Profile

Cover photo
Dorothy Deasy
10,112 views
AboutPostsPhotosVideos

Stream

Dorothy Deasy

Shared publicly  - 
 
Those who have skilled-level jobs, especially tech jobs, are unlikely aware how much of the country is suffering from under- or unemployment.
Entertainment television portrays people with lifestyles that reflect those who have upper-middle income or wealthy lifestyles. The news does not adequately communicate (especially not nearly as effectively as this chart) the disparity and widening gulf. So those who are wealth-advantaged are able to live in a bubble, with their own lifestyles being reflected back to them.
Meanwhile, the "middle class" is evaporating, as more and more people sink from comfortable to struggling.
And AI which will displace even more workers is approaching. It is like watching an economic hurricane Katrina approach the shore and wondering, why aren't people preparing?
 
Just a reminder that the employment ratio is still worse than most of the past three decades. 
View original post
1
Add a comment...

Dorothy Deasy

Shared publicly  - 
 
When they think no one is watching...
 
CYNICAL POLITICS: GIVING NATIVE AMERICANS THE SHAFT
Despoliation of the sublime and the sacred is what Resolution Copper has in store for this unusual Sonora Desert Riparian Area. Never mind that this land was deeded by President Eisenhower for conservation --as usual, the Republican tactic is: when you don't get what you want, change the rules. Even if the Native Americans get screwed over again and the mine goes forward, will the taxpayers and citizenry get anything from such a lavish bestowal of pristine land into the hands of a private mining company? The citizens of the U.S. will get exactly zero. It remains to be seen if a White House petition and the dedicated work of activists can stop this predatory land grab. 
The San Carlos Apache Tribe is battling to save a sacred site that has been federally protected from mining since 1955.Video: What could be lost if Resolution Copper and BHP Billiton were permitted to mine copper on sacred Apache land in Arizona.
View original post
1
Add a comment...

Dorothy Deasy

Shared publicly  - 
 
How often do humans need to learn: when in doubt, err on the side of openness and inclusiveness?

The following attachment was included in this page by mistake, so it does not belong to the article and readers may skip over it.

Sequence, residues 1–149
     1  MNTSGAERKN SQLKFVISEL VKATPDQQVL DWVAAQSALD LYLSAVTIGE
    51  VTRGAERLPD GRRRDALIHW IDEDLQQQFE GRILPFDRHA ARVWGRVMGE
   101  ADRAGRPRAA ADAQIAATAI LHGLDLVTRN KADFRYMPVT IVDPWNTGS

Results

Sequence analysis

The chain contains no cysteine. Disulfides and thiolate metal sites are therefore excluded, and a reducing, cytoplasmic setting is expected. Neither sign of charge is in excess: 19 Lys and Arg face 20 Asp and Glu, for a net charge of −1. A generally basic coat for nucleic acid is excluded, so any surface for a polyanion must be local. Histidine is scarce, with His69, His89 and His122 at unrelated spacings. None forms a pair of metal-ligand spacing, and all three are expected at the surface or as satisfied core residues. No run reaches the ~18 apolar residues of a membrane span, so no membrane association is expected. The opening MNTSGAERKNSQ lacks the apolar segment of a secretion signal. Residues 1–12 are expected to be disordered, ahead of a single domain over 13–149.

The great K-Cup foul up

Consumers almost universally hate DRM. Companies that implement it will face some backlash, but implementing it badly and greedily will find it will cost them business.

FTA:
There’s an important lesson for tech companies here. We’re willing to give you our money, but not our freedom. If we buy a product, we expect to own it, not to lease, rent, or borrow it. We want to use things in any way we please—and we’ll find a way to make sure that we can. You can either set your company up as a hero and support our freedoms, or as a villain that we’ll continually battle against
When it comes to modern technological conveniences, there are a number of things that irritate people above all others: unhelpful error messages, dead batteries, and cumbersome digital rights management (DRM). A company that puts DRM in place on their products is very clearly telling consumers that their freedoms will be sacrificed so that corporate execs can…
22 comments on original post
1
Add a comment...

Dorothy Deasy

Shared publicly  - 
 
Just because it is so cool!
 
Art On Ferrofluid.
Join the Simple Science and Interesting Things Community and share interesting stuff!
https://plus.google.com/communities/117518490246975838002

A ferrofluid (portmanteau of ferromagnetic and fluid) is a liquid that becomes strongly magnetized in the presence of a magnetic field. Ferrofluid was invented in 1963 by NASA's Steve Papell as a liquid rocket fuel that could be drawn toward a pump inlet in a weightless environment by applying a magnetic field
http://en.wikipedia.org/wiki/Ferrofluid

http://i.imgur.com/19on7ug.gifv
1 comment on original post
1
Add a comment...

Dorothy Deasy

Shared publicly  - 
 
"The Second Machine Age" points out that "the primary driver of growing inequality...is exponential, digital, and combinatorial change in the technology that undergirds our economic system." That means, in part, that there are fewer jobs. Basic income could restore our social fabric by allowing people to volunteer their time and talents for the common good.
 
Well sourced treatment of the questions surrounding wage slavery and basic income.
4 comments on original post
1
Add a comment...

Dorothy Deasy

Shared publicly  - 
 
What happens when capital trumps employment...
 
The middle 60% is now the middle 20%.